Inspired by books and with a respect for nature

first_img“Inspired by books and with a respect for nature” is the mantra of The Library, a unique hotel in the heart of Chaweng Beach in Koh Samui Thailand.Francis Gan, Senior Marketing Manager of The Library, and Sally Morgan of The Unique Tourism Collection hosted a lunch on Tuesday 16 May to present the resort to the media and talk about the 20 new pool villas that will open later this year.Francis Gan, Senior Marketing Manager, The Library, and Sally Morgan, The Unique Tourism CollectionDavid Thompson’s Long Chim in Sydney with its delicious Thai street food menu was the perfect venue for the event.Guests shared several delicious dishes such as beef skewers with cumin, coriander and turmeric, and sour orange curry of ling fish and a spicy duck egg omelette.Koh Samui businessman Mr Kasemtham Sornsong is the owner and Managing Director of The Library. Talented concept designer Ms Tirawan Songsawat helped to create the cool, minimalist spaces with their strict colour palette of grey, white and black with zingy touches of scarlet.The red swimming pool is a talking point. It’s tiled with scarlet, yellow and orange mosaics and seems to glow in the natural tropical surroundings of green velvet lawns and mature trees with pale sand beaches and blue sea beyond.The actual library, the heart of the resort, is a huge space that encourages guests to relax and read. It’s stocked with over 2000 carefully chosen books on many subjects and a collection of 2500 movies and documentaries.Although the theme of the resort is based on classic books and the printed word, guest rooms, villas and suites all have the latest technology and modern fittings.The indoor/outdoor/barbecue restaurant is called The Page. It serves authentic Thai and fusion food and has won many awards.The Library is a member of Design Hotels. The Library Red Poollast_img read more

New EU research funding head stresses superdisciplinarity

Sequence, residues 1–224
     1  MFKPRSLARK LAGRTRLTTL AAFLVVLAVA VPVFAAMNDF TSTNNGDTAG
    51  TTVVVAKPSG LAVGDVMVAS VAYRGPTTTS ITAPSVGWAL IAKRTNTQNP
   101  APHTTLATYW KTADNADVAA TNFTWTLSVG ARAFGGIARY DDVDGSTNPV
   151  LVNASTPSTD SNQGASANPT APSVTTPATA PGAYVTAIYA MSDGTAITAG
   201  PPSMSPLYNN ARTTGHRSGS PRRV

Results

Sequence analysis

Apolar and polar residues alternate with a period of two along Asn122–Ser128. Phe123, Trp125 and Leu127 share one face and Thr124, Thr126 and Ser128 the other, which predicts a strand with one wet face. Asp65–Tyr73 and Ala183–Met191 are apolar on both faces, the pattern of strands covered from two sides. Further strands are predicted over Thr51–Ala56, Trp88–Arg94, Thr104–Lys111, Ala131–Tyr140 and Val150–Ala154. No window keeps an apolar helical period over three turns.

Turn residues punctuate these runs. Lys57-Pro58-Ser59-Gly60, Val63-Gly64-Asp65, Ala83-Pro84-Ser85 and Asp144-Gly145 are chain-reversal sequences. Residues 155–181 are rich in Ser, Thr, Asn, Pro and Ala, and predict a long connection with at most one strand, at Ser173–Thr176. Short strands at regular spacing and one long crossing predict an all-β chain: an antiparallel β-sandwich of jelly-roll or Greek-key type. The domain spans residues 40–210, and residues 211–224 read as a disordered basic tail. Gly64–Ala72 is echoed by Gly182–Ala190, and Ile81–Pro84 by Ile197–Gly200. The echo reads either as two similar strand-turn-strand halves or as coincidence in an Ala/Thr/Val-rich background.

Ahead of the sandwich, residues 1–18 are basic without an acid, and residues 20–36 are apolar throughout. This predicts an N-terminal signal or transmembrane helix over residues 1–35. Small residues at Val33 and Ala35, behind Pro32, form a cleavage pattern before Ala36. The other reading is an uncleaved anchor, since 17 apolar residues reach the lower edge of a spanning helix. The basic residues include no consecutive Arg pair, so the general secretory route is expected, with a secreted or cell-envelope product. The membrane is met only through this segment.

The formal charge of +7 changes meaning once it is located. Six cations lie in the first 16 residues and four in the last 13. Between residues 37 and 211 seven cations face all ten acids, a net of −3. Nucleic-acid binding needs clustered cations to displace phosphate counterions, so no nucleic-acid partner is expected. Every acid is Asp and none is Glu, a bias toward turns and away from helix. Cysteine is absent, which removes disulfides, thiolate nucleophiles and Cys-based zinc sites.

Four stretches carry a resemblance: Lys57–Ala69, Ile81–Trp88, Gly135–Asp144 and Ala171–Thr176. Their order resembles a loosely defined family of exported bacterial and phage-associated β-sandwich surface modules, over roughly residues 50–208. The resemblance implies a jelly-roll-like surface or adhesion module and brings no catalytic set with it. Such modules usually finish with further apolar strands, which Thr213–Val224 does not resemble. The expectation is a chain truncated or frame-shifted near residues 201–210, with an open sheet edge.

first_img New EU research funding head stresses ‘superdisciplinarity’ By Tania RabesandratanaMay. 14, 2019 , 12:10 PM Email Country * Afghanistan Aland Islands Albania Algeria Andorra Angola Anguilla Antarctica Antigua and Barbuda Argentina Armenia Aruba Australia Austria Azerbaijan Bahamas Bahrain Bangladesh Barbados Belarus Belgium Belize Benin Bermuda Bhutan Bolivia, Plurinational State of Bonaire, Sint Eustatius and Saba Bosnia and Herzegovina Botswana Bouvet Island Brazil British Indian Ocean Territory Brunei Darussalam Bulgaria Burkina Faso Burundi Cambodia Cameroon Canada Cape Verde Cayman Islands Central African Republic Chad Chile China Christmas Island Cocos (Keeling) Islands Colombia Comoros Congo Congo, the Democratic Republic of the Cook Islands Costa Rica Cote d’Ivoire Croatia Cuba Curaçao Cyprus Czech Republic Denmark Djibouti Dominica Dominican Republic Ecuador Egypt El Salvador Equatorial Guinea Eritrea Estonia Ethiopia Falkland Islands (Malvinas) Faroe Islands Fiji Finland France French Guiana French Polynesia French Southern Territories Gabon Gambia Georgia Germany Ghana Gibraltar Greece Greenland Grenada Guadeloupe Guatemala Guernsey Guinea Guinea-Bissau Guyana Haiti Heard Island and McDonald Islands Holy See (Vatican City State) Honduras Hungary Iceland India Indonesia Iran, Islamic Republic of Iraq Ireland Isle of Man Israel Italy Jamaica Japan Jersey Jordan Kazakhstan Kenya Kiribati Korea, Democratic People’s Republic of Korea, Republic of Kuwait Kyrgyzstan Lao People’s Democratic Republic Latvia Lebanon Lesotho Liberia Libyan Arab Jamahiriya Liechtenstein Lithuania Luxembourg Macao Macedonia, the former Yugoslav Republic of Madagascar Malawi Malaysia Maldives Mali Malta Martinique Mauritania Mauritius Mayotte Mexico Moldova, Republic of Monaco Mongolia Montenegro Montserrat Morocco Mozambique Myanmar Namibia Nauru Nepal Netherlands New Caledonia New Zealand Nicaragua Niger Nigeria Niue Norfolk Island Norway Oman Pakistan Palestine Panama Papua New Guinea Paraguay Peru Philippines Pitcairn Poland Portugal Qatar Reunion Romania Russian Federation Rwanda Saint Barthélemy Saint Helena, Ascension and Tristan da Cunha Saint Kitts and Nevis Saint Lucia Saint Martin (French part) Saint Pierre and Miquelon Saint Vincent and the Grenadines Samoa San Marino Sao Tome and Principe Saudi Arabia Senegal Serbia Seychelles Sierra Leone Singapore Sint Maarten (Dutch part) Slovakia Slovenia Solomon Islands Somalia South Africa South Georgia and the South Sandwich Islands South Sudan Spain Sri Lanka Sudan Suriname Svalbard and Jan Mayen Swaziland Sweden Switzerland Syrian Arab Republic Taiwan Tajikistan Tanzania, United Republic of Thailand Timor-Leste Togo Tokelau Tonga Trinidad and Tobago Tunisia Turkey Turkmenistan Turks and Caicos Islands Tuvalu Uganda Ukraine United Arab Emirates United Kingdom United States Uruguay Uzbekistan Vanuatu Venezuela, Bolivarian Republic of Vietnam Virgin Islands, British Wallis and Futuna Western Sahara Yemen Zambia Zimbabwe Nanomedicine pioneer Mauro Ferrari will be the next president of the European Research Council (ERC), the funding organization announced today. He will come to the job in Brussels with limited European policy experience, after almost 40 years in the United States, where he worked at the University of California, Berkeley; the National Cancer Institute in Bethesda, Maryland; and the Houston Methodist Research Institute in Texas.A dual U.S. and Italian citizen, Ferrari trained in math at the University of Padua in Italy before pursuing a Ph.D. in mechanical engineering at Berkeley. At the age of 43, while leading a department at Ohio State University in Columbus, he also took classes at medical school there. “I never got a medical degree. You can write that the ERC will be led by a med school drop-out,” he jokes.Now 59, Ferrari will take over from French mathematician Jean-Pierre Bourguignon on 1 January 2020 for a 4-year term at ERC’s helm. Since its inception in 2007, the funding body has awarded about 9000 of its coveted basic research grants, worth €16.9 billion. Sign up for our daily newsletter Get more great content like this delivered right to you! Countrycenter_img ScienceInsider spoke with Ferrari about his passion for interdisciplinary problems and his broad vision for the agency; the conversation was edited for brevity and clarity.Q: Why did you take this job? A: I’ve always kept in touch with science in Europe, and I admire how it merges different cultures and perspectives. Science is a worldwide endeavour, and [my taking the job] should not be read as anything negative about the U.S. I had a fantastic time there, and I look forward to continuing to interact with U.S. science.From 2003 to 2005, I spent 2 years at the U.S. National Cancer Institute as a special advisor to launch the Alliance for Nanotechnology in Cancer. The program had a big impact, funding thousands of investigators across the country. This was my first opportunity of enabling and helping research on a broader scale. That’s where I discovered my passion for serving scientists and, through them, the community.Q: How much do you know about ERC?A: I’ve never applied for an ERC grant; I have never been involved in an ERC [evaluation] panel. But the ERC enjoys a pretty universal, global respect. Many people refer to it as a model. Of course, it is a lot more famous in Europe than in other places.I’m very excited about its focus on excellence as the [selection] criterion, and on grants for individual investigators—one lab, one scientist. That’s very powerful.I also like the notion that the agency has a portfolio with life sciences, engineering, physical sciences, social science, and humanities, all under one roof. That’s very healthy. Boundaries between disciplines are in many ways artificial and counterproductive. [Different fields] have more opportunities for contact here than in other funding agencies.Q: What did you learn from your own research, applying nanotechnology to cure metastatic cancer, to make interdisciplinary approaches work?A: Interdisciplinary research is not just someone who knows about A working with someone who knows about B. The very boundaries of science are changing. For example, when we study the nanoscale, is it physics, chemistry, maths, engineering? I don’t really know! The focus should be on solving problems. When you study how you are going to treat cancer that has migrated from its original site to a vital organ, it requires biological knowledge at the cellular and molecular level, but also physics and engineering. That’s what I call “superdisciplinarity,” building on and respecting initial fields.Q: You will join ERC, possibly after Brexit, and after European elections this month that could see a Euroskeptic surge. Do you feel that ERC has a role to play in uniting Europe?A: Thanks for asking me an impossible question! Science applies to everybody everywhere in the same way. Cancer hurts people equally regardless of whether they are Democrats or Republicans. The beauty of science is that it brings people together, regardless of everything else. Science should be at the service of the community. It’s too early to say what will happen after Brexit. The U.K. has been a great member of the family here, and I hope there will still be great collaborations with scientists in the U.K. no matter what happens.Q: Critics say ERC’s focus on excellence excludes some scientists in Eastern and Southern Europe. Does ERC have a role to play in capacity building?A: Talent is everywhere, but opportunities sometimes are more limited in some places than in others. That’s not an argument against excellence, but we need strategies for talent to flourish and be competitive. Access to infrastructure, equipment, and collaborations is important.Q: I understand your Christian faith is important to you, and you serve on a bioethics group at the Vatican.A: I’m currently a member of the Pontifical Academy for Life, which focuses on biomedical ethics and includes people from different religions, as well as atheists. Religion is important for me in my private life, but I’m not a religious scholar or a moral theologian; I was brought into these groups because I’m conversant with the development of new biomedical science and methods. It’s a lot of fun. Some people ask me how faith interferes with science. I’m not here to answer for anybody, but for me it doesn’t. Beliefs don’t change the methodology or rigor of scientific research. Click to view the privacy policy. Required fields are indicated by an asterisk (*) Mauro Ferrari will be the next head of the European Research Council in Brussels. European Research Council last_img read more